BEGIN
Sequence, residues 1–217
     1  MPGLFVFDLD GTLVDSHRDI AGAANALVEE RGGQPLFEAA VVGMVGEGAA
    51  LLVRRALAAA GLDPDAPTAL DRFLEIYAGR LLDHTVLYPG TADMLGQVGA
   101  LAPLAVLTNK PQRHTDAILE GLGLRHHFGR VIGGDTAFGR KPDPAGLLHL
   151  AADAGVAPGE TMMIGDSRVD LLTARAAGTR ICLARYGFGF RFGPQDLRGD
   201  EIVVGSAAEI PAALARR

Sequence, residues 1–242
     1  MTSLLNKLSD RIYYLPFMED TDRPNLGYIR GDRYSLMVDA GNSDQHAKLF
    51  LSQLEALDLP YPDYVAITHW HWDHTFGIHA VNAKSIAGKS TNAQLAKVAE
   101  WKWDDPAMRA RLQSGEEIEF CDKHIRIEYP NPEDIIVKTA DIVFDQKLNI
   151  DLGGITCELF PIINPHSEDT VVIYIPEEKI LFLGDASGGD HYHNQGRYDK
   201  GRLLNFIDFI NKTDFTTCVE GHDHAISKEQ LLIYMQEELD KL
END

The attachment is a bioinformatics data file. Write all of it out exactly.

Sequence, residues 1–217
     1  MPGLFVFDLD GTLVDSHRDI AGAANALVEE RGGQPLFEAA VVGMVGEGAA
    51  LLVRRALAAA GLDPDAPTAL DRFLEIYAGR LLDHTVLYPG TADMLGQVGA
   101  LAPLAVLTNK PQRHTDAILE GLGLRHHFGR VIGGDTAFGR KPDPAGLLHL
   151  AADAGVAPGE TMMIGDSRVD LLTARAAGTR ICLARYGFGF RFGPQDLRGD
   201  EIVVGSAAEI PAALARR

Sequence, residues 1–242
     1  MTSLLNKLSD RIYYLPFMED TDRPNLGYIR GDRYSLMVDA GNSDQHAKLF
    51  LSQLEALDLP YPDYVAITHW HWDHTFGIHA VNAKSIAGKS TNAQLAKVAE
   101  WKWDDPAMRA RLQSGEEIEF CDKHIRIEYP NPEDIIVKTA DIVFDQKLNI
   151  DLGGITCELF PIINPHSEDT VVIYIPEEKI LFLGDASGGD HYHNQGRYDK
   201  GRLLNFIDFI NKTDFTTCVE GHDHAISKEQ LLIYMQEELD KL